It is believed that Memphis remains the largest ship lost to freak waves while in port.

Correct answers were received from: James Wade, William J Bollinger, Patrick Hreachmack, Aleksander Jaworski, Joseph Chase, Paul Silverstone, Mike Potter, Kurt Greiner, David Briedis, John E. Ray, John B. Hume, Guy Markle, Frank Roach, Mario F.Rosner, William H. Wright, Michael Zuschlag, Dave Mimms, Tony Simmonds, Steve Alvin, Barry F Lake, Klebert L. Hall, Patricio Meezs R., Mike Green, Siemon Wezeman, Ian Evans, Sergei Myagkov, Don Campbell, Paul Osborne, Espen Arnestad, Byron P. Connell, Jim Mason, Martin Kaeser, Dwayne Nutting, Brian Wulff, Steven Sheppard, Peter H. Granzeau, Rick Heinbaugh, Carsten Larsen, Barry Gerrard, Edgar Dutkowski, Davide Pagliani, Rune Aasgaard, John Bradford, Stuart Miller, William F. Fessenden, Ric Pelvin, James Coffin, Don Rodeniser, George Petras, Ramiro Cruz, Mike Tricarico, Steve Renouard, Alfred Mullett, James T. Flynn, Jr., Paul J. Perkins, Dale Shantz, Andrew Cashmore, Yves Hubert, Dorian Jung, William J. Cooke, Kim Petersen, Gunter Krebs, Bruce T. Swain, Czeh Gyorgy, Sal Mercogliano, Ben Kern.

Photo Credit: Photo provided by Brooks Rowlett.

 [THUMBNAIL] Mystery Picture #88
This is the Coast Guard Arctic patrol cutter Northland (WPG 49). Northland was a unique cutter, built specifically for Bering Sea Patrol, to replace the ancient cutter Bear. When Northland replaced Bear in 1927, the old wooden cutter was some 54 years old! Northland was originally fitted with masts and sails as shown here, but this rig was later removed. She was fitted to carry a seaplane aft. From 1927 through 1939 Northland served on the Bering Sea Patrol. During WWII she shifted to the Greenland Patrol, serving alongside the old Bear, which had been brought in government service once again.

In 1947 Northland was sold, apparently for scrapping. However, she eventually made her way across the Atlantic, was renamed Jewish State, and transported Jewish refugees to Palestine. In 1948 she was renamed Eilat (or Elath) and became the flagship of the infant Israeli Navy. Later she became a training ship, and in 1955 was renamed Matzpen, serving as a barracks or depot hulk. She was finally scrapped in 1962.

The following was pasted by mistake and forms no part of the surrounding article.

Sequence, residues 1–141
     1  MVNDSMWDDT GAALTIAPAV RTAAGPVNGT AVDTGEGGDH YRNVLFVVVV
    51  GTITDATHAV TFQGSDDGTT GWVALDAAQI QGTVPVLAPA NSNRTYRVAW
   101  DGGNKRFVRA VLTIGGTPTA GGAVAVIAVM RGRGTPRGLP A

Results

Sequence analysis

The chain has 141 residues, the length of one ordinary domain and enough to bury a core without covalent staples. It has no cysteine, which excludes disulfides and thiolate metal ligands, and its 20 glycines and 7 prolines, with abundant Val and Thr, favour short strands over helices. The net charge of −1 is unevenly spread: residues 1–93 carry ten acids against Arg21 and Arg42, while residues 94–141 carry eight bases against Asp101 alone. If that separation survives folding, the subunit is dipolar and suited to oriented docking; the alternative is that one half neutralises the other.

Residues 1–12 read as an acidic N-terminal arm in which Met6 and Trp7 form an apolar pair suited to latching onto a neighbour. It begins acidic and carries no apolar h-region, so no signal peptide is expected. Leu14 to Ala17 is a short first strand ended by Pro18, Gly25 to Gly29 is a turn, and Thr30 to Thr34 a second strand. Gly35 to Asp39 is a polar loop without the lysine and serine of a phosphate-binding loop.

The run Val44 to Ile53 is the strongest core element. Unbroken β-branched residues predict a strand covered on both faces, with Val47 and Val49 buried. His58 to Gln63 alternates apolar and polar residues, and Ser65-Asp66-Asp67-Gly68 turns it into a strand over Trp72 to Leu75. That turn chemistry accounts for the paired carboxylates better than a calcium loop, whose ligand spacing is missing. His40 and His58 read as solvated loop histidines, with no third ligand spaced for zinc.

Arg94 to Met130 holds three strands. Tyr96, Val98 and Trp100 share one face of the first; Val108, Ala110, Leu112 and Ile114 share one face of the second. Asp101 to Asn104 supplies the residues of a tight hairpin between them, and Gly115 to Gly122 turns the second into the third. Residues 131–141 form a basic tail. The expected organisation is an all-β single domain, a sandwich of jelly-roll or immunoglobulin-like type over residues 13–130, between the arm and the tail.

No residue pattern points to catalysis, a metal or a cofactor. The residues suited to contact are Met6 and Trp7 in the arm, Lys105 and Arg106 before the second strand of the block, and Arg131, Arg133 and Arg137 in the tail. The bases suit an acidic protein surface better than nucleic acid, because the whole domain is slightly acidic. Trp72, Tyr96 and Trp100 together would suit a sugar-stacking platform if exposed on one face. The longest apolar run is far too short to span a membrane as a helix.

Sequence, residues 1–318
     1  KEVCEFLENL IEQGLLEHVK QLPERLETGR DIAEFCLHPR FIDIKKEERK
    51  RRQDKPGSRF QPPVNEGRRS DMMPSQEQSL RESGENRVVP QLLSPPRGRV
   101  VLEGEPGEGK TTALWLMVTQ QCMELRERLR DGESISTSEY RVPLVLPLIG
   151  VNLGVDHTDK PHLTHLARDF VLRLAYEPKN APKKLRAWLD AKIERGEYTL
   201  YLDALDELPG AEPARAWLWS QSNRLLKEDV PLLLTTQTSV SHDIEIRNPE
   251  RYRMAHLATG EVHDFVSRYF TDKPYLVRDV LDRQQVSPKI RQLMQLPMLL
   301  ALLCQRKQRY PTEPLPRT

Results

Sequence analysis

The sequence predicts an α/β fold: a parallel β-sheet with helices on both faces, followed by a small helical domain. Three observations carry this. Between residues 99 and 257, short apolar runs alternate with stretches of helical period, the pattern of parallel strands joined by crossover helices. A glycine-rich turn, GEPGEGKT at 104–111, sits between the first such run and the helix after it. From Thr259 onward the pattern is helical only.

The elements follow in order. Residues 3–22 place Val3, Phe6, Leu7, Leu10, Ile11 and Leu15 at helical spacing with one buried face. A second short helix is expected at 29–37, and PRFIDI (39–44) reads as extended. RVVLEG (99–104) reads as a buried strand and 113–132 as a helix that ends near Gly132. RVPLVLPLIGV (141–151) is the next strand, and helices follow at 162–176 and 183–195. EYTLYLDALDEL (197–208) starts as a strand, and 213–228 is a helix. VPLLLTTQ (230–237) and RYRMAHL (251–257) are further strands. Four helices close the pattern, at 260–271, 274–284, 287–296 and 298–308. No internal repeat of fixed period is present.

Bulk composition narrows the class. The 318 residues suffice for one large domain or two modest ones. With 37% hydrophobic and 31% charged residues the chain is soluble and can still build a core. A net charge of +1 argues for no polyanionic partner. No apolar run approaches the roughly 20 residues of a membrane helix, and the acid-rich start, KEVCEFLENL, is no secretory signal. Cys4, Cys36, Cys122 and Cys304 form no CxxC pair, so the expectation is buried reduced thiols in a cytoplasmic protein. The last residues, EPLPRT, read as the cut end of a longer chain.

Correct answers were received from: Howard Koch, William Novobilsky, James T. Flynn, Jr., Paul J.. Perkins, Mike Muth, Paul Silverstone, Kurt Greiner, Kevin J. Foster, Barry Gerrard, David Wadsworth, Ian Evans, John Duerkop, Czh Gyrgy, Carsten Larsen, Mario F.Rosner, Don Rodeniser, Don Campbell, Mac McArthur, Dale Shantz, Dan Nerney, Kent Taylor, John Kramer, Edgar Dutkowski, Mike Green, Jim Hopper.

 [THUMBNAIL] Mystery Picture #89
This is the Russian armored cruiser Rossiya (or Rossia). An 1897 product of the Baltic Works, she was the first Russian armored cruiser to lack sails. Her appearance is typical of the multi-funneled, multi-masted Russian cruiser designs of this era. She was armed with four 8"/45cal guns, 16 6"/45cal, and numerous light weapons. All of these guns were in casemates or simple shielded mounts, rather than in turrets. In general she was considered to be a less-than ideal design, and she could have done much more on her 13,675 ton displacement.

She can be distinguished from the very similar Gromoboi by the second casemate gun, directly below the bridge wing. In Rossiya there was only one gun in this position, while Gromoboi had a double-level casemate, containing two guns.

Rossiya was badly damaged during the Russo-Japanese war, but was able to proceed under her own power, and was soon repaired. She served in the Baltic during WWI, at times acting as a minelayer. She was scrapped in 1922.

Correct answers were received from: Al Ross, Curt Warner, Sergey P. Trudolyubov, John Duerkop, Mark Lawden, Sergei Myagkov, Mike Potter, Patricio Meezs R., Carsten Larsen, John Bradford, Dale Shantz, Aleksander Jaworski, Don Rodeniser, Ian Evans, Maxim N. Foufaev, Vladimir Andreev, Russ Frevele, Edmund Jankowski, Stuart Miller, Stewart Walker, Timothy Crick, Rick Heinbaugh, Czh Gyrgy, Byron P. Duhe, Pieter Cornelissen, William Novobilsky, Jack Ray.

Photo Credit: Photo provided by Brooks Rowlett.